We run our team as a loose-knit group with no parliamentary structure and few rules, and we share team responsibilities such as training director, tournament director, equipment manager, etc. (This leads to the occasional major goof-up such as the nightmare time, several years ago, when we arrived at our tournament site, 90 miles from Houston, in different cars, only to discover that half the small horizontal boards of our jumps were still at home, each of us thinking someone else had them. Fortunately we were rescued by some of our guys and some Tornado guys, who cleverly found some drywall stashed on the tournament site, went and bought a saw, and quickly cut us some boards. The other teams were really nice about it, but it was certainly not our finest moment!) Each of our members brings something unique to the team; however, a few members are absolutely outstanding in their dedication to the sport and to us. They are John Kelly with his Airedale Winston (who has unfortunately had to make a career change involving moving to Kansas, a major loss for us), Mike Smith with his rough Collies Coat and Belle, our creative and dedicated equipment builder and care-taker, Carol Fatheree with her BC Cajun (at last count the fastest BC in Texas) and her 3-lb. Pom Dixie (possibly the smallest dog doing flyball) our training advisor and an inspiration to us all, and Ann Weingartner with her Ausse Ricky and her BC Pico, who, in spite of many, many misfortunes suffered with past dogs is always unfailingly supportive and is always there when we need her to do that extra thing. We collect dues from members ($10 per month), and with that money we buy our equipment and pay all entry fees. We do it this way so that entry fees are never a financial hardship for anyone, especially those of us with multiple dogs. We also fund about two parties a year for ourselves, more if need be (for showers, expectant mothers, people moving away, etc.) We meet outside weekly for about an hour and a half year-around, and even though we meet early on Saturday mornings at the coolest time of day, in the Houston summer heat that's a real challenge and shows the dedication of our members! One of the many good characteristics of our group is how willing we are, as individuals, to delay our own training needs for a few minutes and take the time to box-load or time or distract or whatever it is that someone else really needs. We are a warm and friendly family-oriented group and have had the pleasure of having as members the first two junior handlers in Texas to put flyball championships on their dogs (Alice Blair with her Golden, Hunnie, and Sarah Hastings with her Aussie, Pearl. We are also proud to have the as a member the first Texas dog to accrue, completely in Texas, the 5000 points necessary for an FM. This is Rose, a red/white particolor cocker belonging to Betty Carroll. Rose's achievement is made all the more significant by the fact that she got her first 2000 points before we got a team fast enough to get under 24. She's not as fast as a Border, by any means, but there's no Border alive who does flyball with more dedication, enthusiasm or determination than Rose.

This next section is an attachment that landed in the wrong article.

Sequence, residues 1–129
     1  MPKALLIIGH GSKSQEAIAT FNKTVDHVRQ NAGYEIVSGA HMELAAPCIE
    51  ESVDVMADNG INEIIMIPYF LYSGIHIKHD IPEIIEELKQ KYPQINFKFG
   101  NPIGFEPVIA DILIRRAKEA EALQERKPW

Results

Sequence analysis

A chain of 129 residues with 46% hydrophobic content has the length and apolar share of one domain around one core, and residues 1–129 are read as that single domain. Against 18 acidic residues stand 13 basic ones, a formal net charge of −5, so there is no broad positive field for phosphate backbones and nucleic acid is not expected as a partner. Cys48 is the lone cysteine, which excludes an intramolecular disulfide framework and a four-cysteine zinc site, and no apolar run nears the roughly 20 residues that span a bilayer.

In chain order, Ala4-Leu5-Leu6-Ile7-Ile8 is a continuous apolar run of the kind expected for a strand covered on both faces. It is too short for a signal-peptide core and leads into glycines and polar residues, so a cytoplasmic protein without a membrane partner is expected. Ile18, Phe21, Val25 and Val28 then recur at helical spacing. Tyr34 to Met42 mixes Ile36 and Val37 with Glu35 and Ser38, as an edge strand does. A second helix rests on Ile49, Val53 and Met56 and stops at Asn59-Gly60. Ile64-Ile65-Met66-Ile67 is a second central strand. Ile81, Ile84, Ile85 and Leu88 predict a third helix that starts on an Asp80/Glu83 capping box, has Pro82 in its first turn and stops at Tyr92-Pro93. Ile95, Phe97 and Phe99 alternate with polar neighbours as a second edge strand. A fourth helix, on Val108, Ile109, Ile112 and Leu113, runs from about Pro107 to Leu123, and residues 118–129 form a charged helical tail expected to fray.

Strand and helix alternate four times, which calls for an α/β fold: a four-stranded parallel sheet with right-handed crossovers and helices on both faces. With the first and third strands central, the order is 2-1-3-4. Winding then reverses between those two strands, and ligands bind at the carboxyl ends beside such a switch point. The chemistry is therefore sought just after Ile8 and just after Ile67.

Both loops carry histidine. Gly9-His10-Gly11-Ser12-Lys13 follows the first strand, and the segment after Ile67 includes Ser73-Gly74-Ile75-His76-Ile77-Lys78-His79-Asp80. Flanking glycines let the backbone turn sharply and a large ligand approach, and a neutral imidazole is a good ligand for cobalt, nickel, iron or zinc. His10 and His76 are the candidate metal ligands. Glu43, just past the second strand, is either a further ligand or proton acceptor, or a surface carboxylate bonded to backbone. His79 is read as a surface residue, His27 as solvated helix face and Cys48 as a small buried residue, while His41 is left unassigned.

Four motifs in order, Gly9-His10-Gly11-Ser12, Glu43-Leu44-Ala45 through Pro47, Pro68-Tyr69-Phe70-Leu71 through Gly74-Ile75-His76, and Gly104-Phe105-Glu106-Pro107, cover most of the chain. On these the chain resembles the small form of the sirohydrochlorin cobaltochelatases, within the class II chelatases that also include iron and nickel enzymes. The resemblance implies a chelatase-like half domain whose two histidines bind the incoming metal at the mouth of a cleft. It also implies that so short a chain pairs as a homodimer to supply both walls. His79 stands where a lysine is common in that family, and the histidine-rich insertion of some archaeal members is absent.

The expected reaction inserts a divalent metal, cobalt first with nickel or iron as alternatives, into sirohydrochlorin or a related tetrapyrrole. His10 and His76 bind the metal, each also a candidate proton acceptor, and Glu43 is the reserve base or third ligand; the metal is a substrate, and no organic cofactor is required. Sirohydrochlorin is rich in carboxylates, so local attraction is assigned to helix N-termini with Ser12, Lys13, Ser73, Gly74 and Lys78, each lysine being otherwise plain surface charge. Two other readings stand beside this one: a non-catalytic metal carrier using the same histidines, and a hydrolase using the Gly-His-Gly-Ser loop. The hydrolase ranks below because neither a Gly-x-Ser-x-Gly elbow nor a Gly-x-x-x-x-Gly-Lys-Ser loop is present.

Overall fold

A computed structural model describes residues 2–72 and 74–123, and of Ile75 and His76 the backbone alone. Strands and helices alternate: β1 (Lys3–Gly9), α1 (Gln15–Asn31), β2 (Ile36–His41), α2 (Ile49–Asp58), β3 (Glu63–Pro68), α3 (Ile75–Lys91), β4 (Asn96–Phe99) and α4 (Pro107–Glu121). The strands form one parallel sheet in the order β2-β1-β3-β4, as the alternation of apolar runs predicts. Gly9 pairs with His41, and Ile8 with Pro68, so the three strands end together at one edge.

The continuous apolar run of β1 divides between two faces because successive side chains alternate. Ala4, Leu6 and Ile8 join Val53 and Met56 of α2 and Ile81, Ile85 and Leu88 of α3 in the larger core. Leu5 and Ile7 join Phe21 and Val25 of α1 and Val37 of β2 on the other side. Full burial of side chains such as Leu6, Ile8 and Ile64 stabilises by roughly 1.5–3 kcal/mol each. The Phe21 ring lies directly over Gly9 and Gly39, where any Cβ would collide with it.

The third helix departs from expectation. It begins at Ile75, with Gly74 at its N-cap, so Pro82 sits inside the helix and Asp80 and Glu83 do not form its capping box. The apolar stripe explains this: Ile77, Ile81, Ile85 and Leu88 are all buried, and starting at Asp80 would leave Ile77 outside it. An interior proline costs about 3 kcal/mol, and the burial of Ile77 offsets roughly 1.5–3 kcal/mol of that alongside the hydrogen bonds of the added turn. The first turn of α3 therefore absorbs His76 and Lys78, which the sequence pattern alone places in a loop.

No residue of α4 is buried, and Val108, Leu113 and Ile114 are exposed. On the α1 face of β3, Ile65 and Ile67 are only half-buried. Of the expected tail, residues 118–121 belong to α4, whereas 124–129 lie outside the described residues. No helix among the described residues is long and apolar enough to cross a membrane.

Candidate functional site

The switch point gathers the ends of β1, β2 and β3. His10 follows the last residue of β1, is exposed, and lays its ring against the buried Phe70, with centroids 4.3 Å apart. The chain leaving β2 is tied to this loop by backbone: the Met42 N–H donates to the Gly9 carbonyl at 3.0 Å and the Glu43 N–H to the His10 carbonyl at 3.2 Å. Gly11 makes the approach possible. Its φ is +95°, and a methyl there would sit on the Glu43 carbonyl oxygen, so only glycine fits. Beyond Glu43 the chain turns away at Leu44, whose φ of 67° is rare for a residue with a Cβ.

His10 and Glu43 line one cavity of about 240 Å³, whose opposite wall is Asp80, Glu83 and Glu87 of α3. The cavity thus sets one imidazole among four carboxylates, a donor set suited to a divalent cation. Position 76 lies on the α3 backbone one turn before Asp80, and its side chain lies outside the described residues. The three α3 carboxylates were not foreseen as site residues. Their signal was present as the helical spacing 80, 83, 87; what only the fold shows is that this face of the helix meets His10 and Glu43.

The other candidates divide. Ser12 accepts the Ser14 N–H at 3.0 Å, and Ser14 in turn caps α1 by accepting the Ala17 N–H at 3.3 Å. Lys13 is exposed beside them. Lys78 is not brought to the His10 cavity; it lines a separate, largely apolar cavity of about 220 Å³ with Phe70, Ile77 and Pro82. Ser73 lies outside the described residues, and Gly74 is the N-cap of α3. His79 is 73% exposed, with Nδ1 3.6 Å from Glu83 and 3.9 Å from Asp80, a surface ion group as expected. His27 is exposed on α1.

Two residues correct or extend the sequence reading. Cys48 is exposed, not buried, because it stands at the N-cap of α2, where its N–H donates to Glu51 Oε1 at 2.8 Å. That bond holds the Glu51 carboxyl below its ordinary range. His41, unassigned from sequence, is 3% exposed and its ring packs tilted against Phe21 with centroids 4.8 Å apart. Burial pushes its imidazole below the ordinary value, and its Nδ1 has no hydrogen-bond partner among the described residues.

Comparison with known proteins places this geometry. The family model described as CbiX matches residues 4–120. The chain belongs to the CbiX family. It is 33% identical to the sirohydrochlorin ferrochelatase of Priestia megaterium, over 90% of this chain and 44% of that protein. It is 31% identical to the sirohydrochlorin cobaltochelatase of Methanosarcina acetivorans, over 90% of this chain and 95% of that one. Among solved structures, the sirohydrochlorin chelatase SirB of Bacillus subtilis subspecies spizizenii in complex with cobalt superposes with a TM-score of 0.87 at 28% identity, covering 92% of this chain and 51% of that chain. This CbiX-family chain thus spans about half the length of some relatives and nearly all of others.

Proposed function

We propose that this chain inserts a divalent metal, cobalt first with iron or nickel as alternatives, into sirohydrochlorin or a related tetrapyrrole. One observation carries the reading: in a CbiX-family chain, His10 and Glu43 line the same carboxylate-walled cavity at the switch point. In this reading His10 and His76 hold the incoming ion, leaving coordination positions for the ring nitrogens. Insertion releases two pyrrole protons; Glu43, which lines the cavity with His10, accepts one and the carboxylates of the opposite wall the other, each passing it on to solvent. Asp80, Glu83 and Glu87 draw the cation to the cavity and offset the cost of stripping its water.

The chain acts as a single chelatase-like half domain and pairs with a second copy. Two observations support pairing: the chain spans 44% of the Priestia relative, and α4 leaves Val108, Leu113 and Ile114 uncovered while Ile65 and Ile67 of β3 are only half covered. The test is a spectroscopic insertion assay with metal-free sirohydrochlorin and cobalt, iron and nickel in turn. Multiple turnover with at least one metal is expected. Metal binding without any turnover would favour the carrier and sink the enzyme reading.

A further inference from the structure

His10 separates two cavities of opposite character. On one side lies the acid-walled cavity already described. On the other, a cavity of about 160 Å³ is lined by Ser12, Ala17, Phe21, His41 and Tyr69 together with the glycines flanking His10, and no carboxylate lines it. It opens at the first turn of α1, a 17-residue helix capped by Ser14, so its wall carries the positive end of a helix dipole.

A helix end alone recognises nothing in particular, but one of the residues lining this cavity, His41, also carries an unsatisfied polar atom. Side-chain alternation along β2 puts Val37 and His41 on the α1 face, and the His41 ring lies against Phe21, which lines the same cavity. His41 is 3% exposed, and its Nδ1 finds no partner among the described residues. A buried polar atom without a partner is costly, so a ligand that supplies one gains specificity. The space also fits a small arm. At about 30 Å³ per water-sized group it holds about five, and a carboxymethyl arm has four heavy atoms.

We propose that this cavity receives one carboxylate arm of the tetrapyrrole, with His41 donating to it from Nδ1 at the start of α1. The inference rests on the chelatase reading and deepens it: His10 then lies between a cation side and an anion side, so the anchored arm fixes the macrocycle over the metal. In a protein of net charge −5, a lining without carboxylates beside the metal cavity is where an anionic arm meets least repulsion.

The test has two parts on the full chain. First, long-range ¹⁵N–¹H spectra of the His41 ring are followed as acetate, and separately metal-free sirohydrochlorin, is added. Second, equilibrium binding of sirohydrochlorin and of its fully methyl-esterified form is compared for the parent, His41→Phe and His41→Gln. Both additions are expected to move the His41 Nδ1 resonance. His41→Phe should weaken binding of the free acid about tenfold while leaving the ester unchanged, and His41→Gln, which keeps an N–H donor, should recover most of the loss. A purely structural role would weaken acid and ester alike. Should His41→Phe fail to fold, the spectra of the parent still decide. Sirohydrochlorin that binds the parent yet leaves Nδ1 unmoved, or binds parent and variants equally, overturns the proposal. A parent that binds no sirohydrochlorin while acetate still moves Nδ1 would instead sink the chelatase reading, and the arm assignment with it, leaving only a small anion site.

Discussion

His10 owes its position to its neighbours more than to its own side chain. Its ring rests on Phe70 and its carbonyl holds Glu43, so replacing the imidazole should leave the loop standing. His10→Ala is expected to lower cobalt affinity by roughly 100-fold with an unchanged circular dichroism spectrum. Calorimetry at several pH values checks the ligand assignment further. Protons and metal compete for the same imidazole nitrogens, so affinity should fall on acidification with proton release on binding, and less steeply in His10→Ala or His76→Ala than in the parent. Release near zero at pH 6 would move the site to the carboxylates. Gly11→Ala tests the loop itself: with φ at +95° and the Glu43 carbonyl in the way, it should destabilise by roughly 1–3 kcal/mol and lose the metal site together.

When the Texas Allstar team was founded, the Astrohall tournament put on by the Hot Dog club was the only tournament available in Houston or anywhere in Southwest. We wanted to increase interest in flyball locally and give everyone another chance to compete, so we gave the first non-Astrohall flyball tournament in the area, and since 1990 we've given two tournaments a year. Once the ice was broken Hot Dog and Black and Gold started giving tournaments too, and by the time they became defunct there were other teams to give tournaments, so now there are 6 or 8 tournaments a year given in Texas.
For more information about the Texas Allstars, contact Betty Carroll at 713-469-2472 or E-mail Carol Fatheree at CLFatheree@aol.com